Young people are being asked to #LookBeyond the traditional routes into employment, and instead consider the diverse career options now available through apprenticeships.
This National Apprenticeship Week, now in its 13th year, the Government continues to call on employers and teachers to promote apprenticeships as viable career routes for young people, and the diverse benefits this unique type of training can offer.
One of the sectors that offers a range of exciting apprenticeship opportunities and careers is the engineering sector.
There are plenty of misconceptions about jobs in engineering, with only around one third of parents understanding what engineers do.
Through the Engineering: Take A Closer Look campaign, young people aged 11-16, their teachers and parents can learn more about what it takes to forge a career in the field – and the different routes in from graduate to vocational.
This #NationalApprenticeshipWeek we're celebrating apprentices like Nathan, who are helping us to get to #NetZero by 2050. This decade alone we need to increase low carbon electricity generation by c.50%. Are you up for joining him? https://t.co/G72LzQwTgq #JobThatCantWait pic.twitter.com/wuF6ZEffsX— National Grid UK (@nationalgriduk) February 4, 2020
Nathan Hunt, 17, is 18 months into an apprenticeship with National Grid, where he is a substation craftsperson apprentice in Bedfordshire.
He was planning on going through A-levels, doing a degree and even a Masters before seeing an advert for National Grid’s apprenticeship programme changed everything.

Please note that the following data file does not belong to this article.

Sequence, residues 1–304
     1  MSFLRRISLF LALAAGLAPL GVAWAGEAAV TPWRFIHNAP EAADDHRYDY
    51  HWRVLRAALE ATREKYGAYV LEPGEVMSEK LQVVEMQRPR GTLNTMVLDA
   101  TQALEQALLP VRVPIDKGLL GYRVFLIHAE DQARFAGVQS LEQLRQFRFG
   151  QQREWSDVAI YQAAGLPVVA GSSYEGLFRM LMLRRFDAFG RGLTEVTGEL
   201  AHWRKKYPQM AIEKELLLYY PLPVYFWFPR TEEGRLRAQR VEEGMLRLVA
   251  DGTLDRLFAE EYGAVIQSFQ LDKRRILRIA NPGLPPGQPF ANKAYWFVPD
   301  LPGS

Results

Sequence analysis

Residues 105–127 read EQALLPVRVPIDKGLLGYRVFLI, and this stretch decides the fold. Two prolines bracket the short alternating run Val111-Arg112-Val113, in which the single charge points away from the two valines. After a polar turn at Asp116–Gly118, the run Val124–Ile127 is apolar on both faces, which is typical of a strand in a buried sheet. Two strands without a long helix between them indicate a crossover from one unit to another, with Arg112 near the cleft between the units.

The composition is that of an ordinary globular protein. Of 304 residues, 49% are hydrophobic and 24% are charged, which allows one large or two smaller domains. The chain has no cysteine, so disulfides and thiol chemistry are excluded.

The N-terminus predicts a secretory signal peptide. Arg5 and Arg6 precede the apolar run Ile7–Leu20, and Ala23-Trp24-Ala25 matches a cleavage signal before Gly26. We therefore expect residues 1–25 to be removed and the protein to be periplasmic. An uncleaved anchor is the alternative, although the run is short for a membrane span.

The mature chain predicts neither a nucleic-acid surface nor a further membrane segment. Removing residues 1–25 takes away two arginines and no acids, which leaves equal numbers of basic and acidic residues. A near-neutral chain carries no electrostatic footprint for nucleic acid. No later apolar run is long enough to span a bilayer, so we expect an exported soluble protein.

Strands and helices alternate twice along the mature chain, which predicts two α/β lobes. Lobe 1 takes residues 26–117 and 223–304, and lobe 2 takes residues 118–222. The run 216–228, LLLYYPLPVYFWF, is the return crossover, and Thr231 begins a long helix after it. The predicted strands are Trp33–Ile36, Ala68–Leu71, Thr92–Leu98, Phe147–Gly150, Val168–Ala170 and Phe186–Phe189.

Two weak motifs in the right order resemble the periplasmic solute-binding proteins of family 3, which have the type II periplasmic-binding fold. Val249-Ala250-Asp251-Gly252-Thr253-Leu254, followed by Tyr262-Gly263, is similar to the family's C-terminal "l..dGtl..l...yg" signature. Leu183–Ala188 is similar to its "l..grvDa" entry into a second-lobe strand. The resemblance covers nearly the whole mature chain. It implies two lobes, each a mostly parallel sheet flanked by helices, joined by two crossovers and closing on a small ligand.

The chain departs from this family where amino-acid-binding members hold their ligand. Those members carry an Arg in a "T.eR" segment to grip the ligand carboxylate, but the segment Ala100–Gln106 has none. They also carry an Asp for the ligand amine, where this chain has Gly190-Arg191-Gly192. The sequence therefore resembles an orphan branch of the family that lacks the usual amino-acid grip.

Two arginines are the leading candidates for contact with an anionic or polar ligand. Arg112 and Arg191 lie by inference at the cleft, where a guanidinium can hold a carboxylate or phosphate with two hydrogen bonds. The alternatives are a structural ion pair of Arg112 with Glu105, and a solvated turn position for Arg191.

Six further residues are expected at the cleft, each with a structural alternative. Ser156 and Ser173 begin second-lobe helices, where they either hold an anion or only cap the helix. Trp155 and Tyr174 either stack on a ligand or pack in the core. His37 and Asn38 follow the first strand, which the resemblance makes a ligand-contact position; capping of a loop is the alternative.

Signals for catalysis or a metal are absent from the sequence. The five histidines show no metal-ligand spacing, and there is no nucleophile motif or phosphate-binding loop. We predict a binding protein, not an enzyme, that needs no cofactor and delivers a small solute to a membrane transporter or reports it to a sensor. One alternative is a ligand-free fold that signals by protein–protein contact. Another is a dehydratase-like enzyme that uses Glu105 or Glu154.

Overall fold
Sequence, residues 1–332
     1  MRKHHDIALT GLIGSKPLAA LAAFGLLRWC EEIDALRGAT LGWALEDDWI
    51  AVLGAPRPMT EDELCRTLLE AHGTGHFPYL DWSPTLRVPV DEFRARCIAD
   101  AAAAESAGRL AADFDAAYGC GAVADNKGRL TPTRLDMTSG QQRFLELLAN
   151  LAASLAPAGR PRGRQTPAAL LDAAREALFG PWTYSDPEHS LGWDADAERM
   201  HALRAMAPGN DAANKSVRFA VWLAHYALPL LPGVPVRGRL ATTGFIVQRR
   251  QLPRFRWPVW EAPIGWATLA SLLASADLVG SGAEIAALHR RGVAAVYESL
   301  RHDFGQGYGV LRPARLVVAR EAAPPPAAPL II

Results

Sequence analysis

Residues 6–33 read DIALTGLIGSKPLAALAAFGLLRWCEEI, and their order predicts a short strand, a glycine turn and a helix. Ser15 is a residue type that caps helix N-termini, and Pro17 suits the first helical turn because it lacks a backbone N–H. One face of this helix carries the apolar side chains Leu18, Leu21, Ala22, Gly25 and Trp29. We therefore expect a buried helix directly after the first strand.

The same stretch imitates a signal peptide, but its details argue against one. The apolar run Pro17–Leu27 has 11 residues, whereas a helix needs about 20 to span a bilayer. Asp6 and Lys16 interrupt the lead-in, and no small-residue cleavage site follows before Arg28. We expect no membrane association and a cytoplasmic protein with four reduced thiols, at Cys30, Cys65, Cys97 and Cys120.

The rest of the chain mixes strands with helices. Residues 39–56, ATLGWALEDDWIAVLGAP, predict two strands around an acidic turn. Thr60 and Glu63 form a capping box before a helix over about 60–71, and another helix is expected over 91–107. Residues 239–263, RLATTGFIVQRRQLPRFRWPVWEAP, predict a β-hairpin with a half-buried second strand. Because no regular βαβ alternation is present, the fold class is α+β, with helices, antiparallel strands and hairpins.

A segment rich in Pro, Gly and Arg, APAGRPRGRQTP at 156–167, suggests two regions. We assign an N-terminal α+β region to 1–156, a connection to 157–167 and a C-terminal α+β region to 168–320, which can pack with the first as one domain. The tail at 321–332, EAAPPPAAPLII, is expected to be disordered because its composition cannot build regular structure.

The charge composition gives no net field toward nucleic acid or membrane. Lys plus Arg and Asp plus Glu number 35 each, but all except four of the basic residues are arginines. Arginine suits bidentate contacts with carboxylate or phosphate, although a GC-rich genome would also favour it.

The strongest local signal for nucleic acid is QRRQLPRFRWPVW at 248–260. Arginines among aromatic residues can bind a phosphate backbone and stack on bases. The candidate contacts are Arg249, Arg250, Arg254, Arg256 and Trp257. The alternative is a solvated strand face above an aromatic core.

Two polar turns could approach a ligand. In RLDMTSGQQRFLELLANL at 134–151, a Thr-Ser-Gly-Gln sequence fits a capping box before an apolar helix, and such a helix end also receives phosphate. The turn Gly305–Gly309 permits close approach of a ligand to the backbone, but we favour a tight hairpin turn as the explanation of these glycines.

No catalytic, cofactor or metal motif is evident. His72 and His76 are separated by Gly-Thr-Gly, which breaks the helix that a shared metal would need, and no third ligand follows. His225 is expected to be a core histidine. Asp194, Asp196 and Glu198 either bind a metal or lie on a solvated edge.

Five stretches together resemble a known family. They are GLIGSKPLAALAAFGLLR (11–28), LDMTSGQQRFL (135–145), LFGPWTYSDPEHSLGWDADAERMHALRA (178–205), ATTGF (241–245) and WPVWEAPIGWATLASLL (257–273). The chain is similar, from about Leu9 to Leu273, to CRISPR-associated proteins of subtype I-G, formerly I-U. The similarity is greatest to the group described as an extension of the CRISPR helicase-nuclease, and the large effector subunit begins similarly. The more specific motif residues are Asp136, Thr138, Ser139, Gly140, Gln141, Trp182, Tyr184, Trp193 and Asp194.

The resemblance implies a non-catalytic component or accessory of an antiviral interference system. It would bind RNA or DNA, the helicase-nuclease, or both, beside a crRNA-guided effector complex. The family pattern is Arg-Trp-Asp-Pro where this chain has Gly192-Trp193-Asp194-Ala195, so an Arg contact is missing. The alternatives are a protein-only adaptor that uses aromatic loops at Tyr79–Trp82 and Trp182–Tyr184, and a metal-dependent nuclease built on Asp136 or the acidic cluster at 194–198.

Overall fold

What is your job and what do you enjoy about it?
I’m a Substation Craftsperson Apprentice, which means I’m responsible for helping to maintain and refurbish the equipment on site, along with monitoring the condition of the equipment so it remains as efficient as possible.
I enjoy my role as you get to see and work on the equipment that keeps the lights on, and I have real responsibility in my post.
Why did you go down the apprenticeship route?
I was planning to do the normal school ‘conveyor belt’ thing – A-levels, a degree, maybe a Masters – before moving into a career. But then, a year before my GCSEs, I saw a week’s taster course with National Grid advertised on our school intranet.
In the nicest way, if the Grid was laying a trap, I fell into it. I thought: ‘this is one of the best opportunities I’ve got’, so I applied for their apprentice programme and got through.
What qualifications did you have beforehand?
GCSEs including Triple Science, Maths, Further Maths, and Design Technology.
Why would you recommend an apprenticeship in engineering?
The great thing about an apprenticeship at National Grid is it really feels like I’m part of the decarbonisation plans for Britain. Part of my team’s work is about the capability of the system and upgrading our assets.
If we make it to Net Zero, as I hope we will, I know I’ll have done my bit. I also think National Grid really cares about their apprentices. The course is one of the best in the country and the pay is higher than other apprenticeship I know of.
Was there anything that surprised you about an apprenticeship?
It’s fair to say the work is more ‘hands on’ that I thought, but it’s the right choice for me. Our team moves around our patch and right now we’re working on Network Rail transformers, doing maintenance and overhauls.
What would you say to others thinking about a career in engineering?
Engineering is such a wide field, there’s a role for nearly everyone! Research some areas that stand out to you - there may be an apprenticeship or sponsored degree available for what you want to do.
What engineering myth would you like to bust?
We don’t know everything. We’re normal people and sometimes we don’t know something or get something wrong - although, saying that, we’re generally pretty good at figuring things out in the end.